The rumor mill is swirling a week into the 2012 MLB offseason.
Several teams will engage in trades, and plenty of players will find new homes for 2012. But not all those players will be game-changers—impact players who can elevate a team to the next level.
So, of the players believed to be available via trade, which ones are the potential game-changers?
Jair Jurrjens is a 25-year-old All-Star for the Atlanta Braves, but he's eligible for arbitration and injury prone, making him expendable according to this report by Mark Bowman.
At the All-Star break, Jurrjens had a 12-3 record and 1.87 ERA. He was a viable Cy Young candidate by all standards.
Then, his right knee hampered him, bloating his ERA to 2.96 and ending his season in August after a 15-day DL stint wasn't an effective remedy. Jurrjens underwent surgery on the same knee in Oct., 2010, so the Braves have every reason to be concerned.
Their concern, though, shouldn't make potential suitors wary of acquiring the Curacao native.
When healthy, Jurrjens has shown ace potential. He won't cost more than around $5 million even after arbitration—his salary is currently $3.25 million.
In other words, he's a game-changer and is worth the risk.
The Atlanta Braves are also reportedly considering shopping Martin Prado.
In 2009 and 2010, Prado hit .307 with 26 homers and 78 doubles. His efficacy declined in 2011, though, when he hit .260 with 13 long balls and 26 two-baggers.
Still, while his offensive numbers dropped, Prado provided the Braves with a reliable glove in left field. He only made three errors, gunned down six runners and posted a 5.1 UZR in his first season as a primary outfielder.
Prado turned 28 years old earlier in the offseason, so there's plenty of hope for an offensive resurgence in 2012.
If he can perform at his 2009-2010 level, Prado can be the x-factor behind a run to the playoffs.
Patrick Reusse thinks the Minnesota Twins could potentially trade Francisco Liriano. While he cited the New York Yankees as the only potential destination, other teams could be interested in the southpaw who threw a no-hitter in May.
Reusse claimed talks of Liriano for the Yankees' Ivan Nova and Eduardo Nunez, which began over the summer, could resurface. However, despite Reusse's speculation, the Yankees are unlikely to part with Nova.
Liriano had a sub-par 2011 after going 14-10 with a 3.62 ERA in 2010, but the lefty still could be valuable—after all, he's only 28 years old.
According to MLB.com's Scott Merkin, the Chicago White Sox could consider trading John Danks.
The southpaw is coming off his worst season since 2007, but he had been effective from 2008-2010, accumulating a 40-31 record and 3.61 ERA. In 2011, Danks went 8-12 with a 4.33 ERA.
He's 26 years old, left-handed and has a solid resume. Danks can solidify a rotation as a No. 3 starter.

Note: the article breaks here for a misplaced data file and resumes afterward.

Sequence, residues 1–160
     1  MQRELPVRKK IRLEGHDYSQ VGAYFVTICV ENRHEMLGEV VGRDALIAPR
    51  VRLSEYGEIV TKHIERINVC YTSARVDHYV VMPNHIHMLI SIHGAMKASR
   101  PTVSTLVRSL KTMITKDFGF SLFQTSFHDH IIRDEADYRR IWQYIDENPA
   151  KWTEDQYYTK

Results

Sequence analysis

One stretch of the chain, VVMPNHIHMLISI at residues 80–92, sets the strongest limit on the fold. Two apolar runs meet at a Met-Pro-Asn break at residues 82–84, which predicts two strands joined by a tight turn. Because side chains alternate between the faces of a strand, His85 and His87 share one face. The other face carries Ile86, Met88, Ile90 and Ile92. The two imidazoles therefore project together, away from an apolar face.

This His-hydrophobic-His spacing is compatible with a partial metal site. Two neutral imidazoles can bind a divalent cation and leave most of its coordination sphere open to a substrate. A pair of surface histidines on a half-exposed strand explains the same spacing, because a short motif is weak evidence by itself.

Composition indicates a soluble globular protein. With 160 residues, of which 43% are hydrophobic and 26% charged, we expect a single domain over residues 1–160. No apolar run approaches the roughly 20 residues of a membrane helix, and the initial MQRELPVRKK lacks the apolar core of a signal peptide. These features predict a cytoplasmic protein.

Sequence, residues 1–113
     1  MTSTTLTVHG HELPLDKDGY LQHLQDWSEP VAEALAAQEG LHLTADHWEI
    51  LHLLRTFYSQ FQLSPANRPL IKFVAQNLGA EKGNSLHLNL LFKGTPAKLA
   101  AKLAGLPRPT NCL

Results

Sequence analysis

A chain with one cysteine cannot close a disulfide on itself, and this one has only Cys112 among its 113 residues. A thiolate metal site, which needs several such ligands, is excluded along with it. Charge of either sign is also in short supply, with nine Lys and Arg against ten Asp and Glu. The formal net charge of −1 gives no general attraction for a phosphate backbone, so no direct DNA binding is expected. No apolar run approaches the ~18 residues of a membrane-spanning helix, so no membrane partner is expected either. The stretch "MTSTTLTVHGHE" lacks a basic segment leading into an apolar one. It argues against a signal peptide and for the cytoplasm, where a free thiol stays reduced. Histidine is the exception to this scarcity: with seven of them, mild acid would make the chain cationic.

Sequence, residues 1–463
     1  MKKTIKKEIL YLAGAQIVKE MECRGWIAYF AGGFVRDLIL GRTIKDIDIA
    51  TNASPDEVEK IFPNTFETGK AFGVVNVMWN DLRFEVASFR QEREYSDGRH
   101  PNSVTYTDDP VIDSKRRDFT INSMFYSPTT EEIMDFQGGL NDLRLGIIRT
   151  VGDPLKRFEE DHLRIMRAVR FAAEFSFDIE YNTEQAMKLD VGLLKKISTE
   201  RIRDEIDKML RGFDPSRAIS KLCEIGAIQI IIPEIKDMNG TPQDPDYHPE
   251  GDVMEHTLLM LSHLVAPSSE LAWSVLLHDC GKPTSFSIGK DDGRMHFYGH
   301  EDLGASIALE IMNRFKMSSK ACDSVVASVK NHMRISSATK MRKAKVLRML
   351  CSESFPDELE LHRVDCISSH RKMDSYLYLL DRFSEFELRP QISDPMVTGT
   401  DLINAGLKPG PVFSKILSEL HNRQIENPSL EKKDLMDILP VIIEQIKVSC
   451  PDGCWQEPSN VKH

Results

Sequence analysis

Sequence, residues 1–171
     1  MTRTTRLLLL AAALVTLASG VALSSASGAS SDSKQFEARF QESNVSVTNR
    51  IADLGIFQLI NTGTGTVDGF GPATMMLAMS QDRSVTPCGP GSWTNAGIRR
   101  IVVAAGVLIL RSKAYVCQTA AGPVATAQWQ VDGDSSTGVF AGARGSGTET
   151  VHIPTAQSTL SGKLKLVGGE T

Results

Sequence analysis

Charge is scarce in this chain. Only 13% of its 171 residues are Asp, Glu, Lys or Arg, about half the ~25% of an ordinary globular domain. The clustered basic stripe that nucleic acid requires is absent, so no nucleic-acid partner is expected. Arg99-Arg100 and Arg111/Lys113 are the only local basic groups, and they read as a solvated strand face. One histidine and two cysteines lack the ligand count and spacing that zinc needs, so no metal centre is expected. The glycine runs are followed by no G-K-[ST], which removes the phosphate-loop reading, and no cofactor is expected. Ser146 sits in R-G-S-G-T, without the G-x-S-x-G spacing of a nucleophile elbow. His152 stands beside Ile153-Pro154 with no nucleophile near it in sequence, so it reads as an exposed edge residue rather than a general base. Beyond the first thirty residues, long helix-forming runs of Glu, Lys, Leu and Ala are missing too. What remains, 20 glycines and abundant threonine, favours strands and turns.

In two full seasons as a starter for the Oakland Athletics, Gio Gonzalez is 31-21 with a 3.17 ERA, 1.31 WHIP and 368 strikeouts.
He's a 26-year-old, left-handed All-Star, and according to Ken Rosenthal, he's available via trade. Gonzalez's arm can aid any team with pitching woes.
Angel Pagan had an injury-plagued, sub-par 2011, and now it appears that the New York Mets might deal their center fielder.
Pagan hit .262 and had just 35 extra-base hits after recording 49 in 2010. Additionally, Pagan's defensive effectiveness dipped significantly from 10 assists, five errors and a 15.4 UZR in 2010 to five assists, 10 errors and a minus-14.3 UZR in 2011.
However, there is still reason to think Pagan can be an impact player in 2012 and beyond. His injury problems certainly contributed to his decline in production, and his 32 stolen bases prove he still has speed.
In August, the Colorado Rockies expressed interest in Wandy Rodriguez but couldn't finalize a deal with the Houston Astros.
Troy E. Renck thinks the Rockies might pursue Rodriguez via trade this offseason. Even if the Rockies can't land the Astros' starter, someone else stands a chance.
Rodriguez has never made an All-Star team, but he's an All-Star caliber pitcher who hasn't received his due credit while playing in Houston. Over the past four seasons, Rodriguez is 45-42 with a 3.40 ERA, 1.29 WHIP and 8.2 K/9.
He'll be 33 years old and won't be an ace, but he's been fairly consistent over the past four years.
The New York Mets may not initiate talks, but they will listen to offers for David Wright, according to Joel Sherman.
Wright, who will be 29 years old in December, had the worst season of his career, but he struggled with injuries. You can definitely expect his .254 average and 14 home runs to head north to his career averages of .300 and 23.
Many teams would love a third baseman who hits .300 with 20-plus home runs.